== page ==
DETROIT – Michigan collides with CCHA front-runner Ferris State next weekend in a home-and-home series that could go a long way in determining the eventual league champion. It’s the Wolverines’ biggest test of the season, and their already young defense will have to play it while relying on at least one unproven blueliner.

On Thursday, the Big Ten declared defenseman Eric Werner academically ineligible for the winter semester.

“We’ve thrown Reilly Olson into a tough spot, and Dave Wyzgowksi,” coach Red Berenson said of the two rarely- used defensemen, one or both of whom will probably be asked to play a regular role for the remainder of the season.

Losing Werner further depletes Michigan’s already thin defensive unit, particularly because he was leading Michigan defenders with 13 points.

“Being one of our top defensemen, (who) we count on every game, it’s a pretty big blow to our team to have him out of the lineup for the rest of the year,” sophomore defenseman Brandon Rogers said. “But now it’s up to other guys to step up and fill in his role.”

The Wolverines will be counting on Rogers to be one of those guys.

Michigan was also without junior Andy Burnes this weekend against Lake Superior because of a groin injury, and that meant that the Wolverines leaned heavily on their remaining experienced defenders: Rogers, fellow sophomore Nick Martens and senior Mike Roemensky. Michigan expects to have Burnes back for its duel against Ferris State.

Of the remaining three defensemen that Michigan dressed this weekend, Wyzgowski has the most games under his belt. But he played forward before this season and hasn’t been a regular in the lineup to this point. Freshman Danny Richmond, now the Wolverines’ highest-scoring defenseman, is known for his offensive skills, but is still learning to play in his own zone at the collegiate level. Olson, a redshirt freshman has played sparingly until now.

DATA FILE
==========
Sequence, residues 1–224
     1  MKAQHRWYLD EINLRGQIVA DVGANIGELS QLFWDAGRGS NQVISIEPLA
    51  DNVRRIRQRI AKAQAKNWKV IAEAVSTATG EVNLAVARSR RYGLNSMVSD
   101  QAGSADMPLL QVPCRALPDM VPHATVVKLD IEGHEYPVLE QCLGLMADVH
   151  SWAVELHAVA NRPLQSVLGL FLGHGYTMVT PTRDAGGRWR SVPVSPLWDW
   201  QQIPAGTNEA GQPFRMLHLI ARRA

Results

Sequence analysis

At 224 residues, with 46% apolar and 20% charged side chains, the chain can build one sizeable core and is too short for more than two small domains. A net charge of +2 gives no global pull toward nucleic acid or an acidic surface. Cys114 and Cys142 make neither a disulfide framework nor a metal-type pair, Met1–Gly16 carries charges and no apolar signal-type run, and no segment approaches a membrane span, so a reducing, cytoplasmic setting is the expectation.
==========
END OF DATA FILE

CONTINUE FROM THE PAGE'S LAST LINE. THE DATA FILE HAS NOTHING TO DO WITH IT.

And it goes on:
“Brandon and Nicky Martens, they really had to pick it up this week, and Mike Roemensky,” Berenson said. “They did a great job playing with less experienced players and doing what they had to do to help us.”

That trio could see extra minutes for the rest of the season.

The defensive hole was created because Werner’s overall GPA doesn’t meet conference standards, Berenson said Saturday night. He added that he was somewhat surprised by the decision.

Werner attributed his trouble to personal problems, and Berenson said Michigan gave the Big Ten “some good reasons to give (Werner) consideration.”

“And yet, they went by the letter of the law, saying, ‘We’ve never made an exception, and there’s no precedent for this,'” Berenson said. “They gave us a decision that sounded like it came from a legal decision rather than a human decision.”

Werner is the third Michigan player to get into trouble in the classroom this season. Backup goaltender Chris Gartman sat out the first half of the season because of problems with transfer credits (he came to the Wolverines from Cornell). Michigan suspended forward Milan Gajic in November because he was in danger of losing his eligibility. Berenson expressed disappointment that Michigan players haven’t been able to escape academic penalties this season.

“The final accountability still comes down to the student athlete, but they have a tough job too, and one class can bury you – make you or break you,” Berenson said.

The coach added that Werner wants to return next season, and Berenson hopes he can, but he wouldn’t say that the defenseman will be able to come back for sure.

And next fall, the Wolverines will be crowding in behind the blueline. The North American Hockey League announced last week that Michigan, which has already signed three talented defensemen for 2003-04, has received a verbal commitment from a fourth, the Texas Tornado’s Matt Nickerson.

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